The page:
Friday 30 September 2016

Watchdog to take 'no action' after a 'very tired' Dermot O'Leary swore on live TV

Robert Dex

Published 13/07/2015 | 14:40

Watchdog to take 'no action' after a 'very tired' Dermot O'Leary swore on live TV during his 24-hour dance marathon
Watchdog to take 'no action' after a 'very tired' Dermot O'Leary swore on live TV during his 24-hour dance marathon

Communications watchdog Ofcom has said it will take no further action after a "very tired" Dermot O'Leary swore on live TV during his Comic Relief dance marathon.

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The broadcaster, who recently left his job hosting The X Factor on ITV, raised more than £600,000 for good causes by dancing for 24 hours.

Dee Koppang and Dermot O'Leary attend the Glamour Women Of The Year Awards at Berkeley Square Gardens on June 2, 2015 in London, England.
Dee Koppang and Dermot O'Leary attend the Glamour Women Of The Year Awards at Berkeley Square Gardens on June 2, 2015 in London, England.

But 18 hours in to his marathon effort, he greeted a friend outside New Broadcasting House in central London by saying: "how f***ing fantastic to see you".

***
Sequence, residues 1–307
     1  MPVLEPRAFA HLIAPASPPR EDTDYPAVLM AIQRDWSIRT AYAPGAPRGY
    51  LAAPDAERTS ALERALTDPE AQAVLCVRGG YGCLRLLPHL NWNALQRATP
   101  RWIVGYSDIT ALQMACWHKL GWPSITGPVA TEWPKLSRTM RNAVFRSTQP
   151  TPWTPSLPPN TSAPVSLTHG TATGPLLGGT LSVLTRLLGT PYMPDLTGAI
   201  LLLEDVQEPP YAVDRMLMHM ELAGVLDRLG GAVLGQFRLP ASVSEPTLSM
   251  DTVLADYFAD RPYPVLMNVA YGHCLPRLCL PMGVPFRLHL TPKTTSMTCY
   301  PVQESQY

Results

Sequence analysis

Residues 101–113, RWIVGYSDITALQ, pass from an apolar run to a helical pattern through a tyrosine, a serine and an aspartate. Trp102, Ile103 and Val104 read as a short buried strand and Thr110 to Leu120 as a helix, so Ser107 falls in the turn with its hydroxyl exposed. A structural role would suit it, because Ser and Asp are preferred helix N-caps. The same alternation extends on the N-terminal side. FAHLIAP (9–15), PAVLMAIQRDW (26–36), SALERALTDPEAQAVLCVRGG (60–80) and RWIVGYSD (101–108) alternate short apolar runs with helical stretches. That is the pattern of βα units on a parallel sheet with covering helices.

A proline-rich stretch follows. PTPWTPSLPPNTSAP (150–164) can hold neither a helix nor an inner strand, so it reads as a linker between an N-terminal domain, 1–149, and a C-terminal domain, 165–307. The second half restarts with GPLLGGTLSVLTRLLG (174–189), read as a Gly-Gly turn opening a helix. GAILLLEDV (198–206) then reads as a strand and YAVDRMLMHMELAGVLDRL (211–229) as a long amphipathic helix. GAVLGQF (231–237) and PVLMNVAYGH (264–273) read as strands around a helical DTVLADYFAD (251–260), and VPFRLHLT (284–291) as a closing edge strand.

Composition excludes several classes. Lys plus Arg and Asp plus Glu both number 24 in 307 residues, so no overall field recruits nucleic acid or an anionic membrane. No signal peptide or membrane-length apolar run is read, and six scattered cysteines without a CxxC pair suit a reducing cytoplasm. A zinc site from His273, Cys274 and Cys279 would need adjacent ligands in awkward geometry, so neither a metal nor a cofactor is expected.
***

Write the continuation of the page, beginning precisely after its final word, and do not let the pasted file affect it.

Ofcom noted O'Leary apologised within a minute and the BBC broadcast a further apology shortly afterwards.

Dermot O'Leary has left his presenting role on The X Factor, saying it is
Dermot O'Leary has left his presenting role on The X Factor, saying it is "time for me to move on". Photo: Daniel Leal-Olivas/PA Wire
Dermot O'Leary has been a mainstay of the hit ITV talent show for eight years

Read more here: Strictly no dancing for O'Leary  

The BBC told Ofcom it had warned all its guests not to swear, adding that O'Leary was "aware he was wearing a live microphone and that the event was being broadcast live".

The Ofcom report noted: "However, given the event had begun at 19:00 the previous evening and by the time of the incident at 13:30 the next day the BBC said Dermot O'Leary was very tired having been dancing for over 18 hours and throughout the night."

The watchdog's spokesman said: "After carefully investigating this programme, Ofcom took into account that the BBC had issued two apologies immediately after the offensive language was aired. As a result, we consider the matter resolved."

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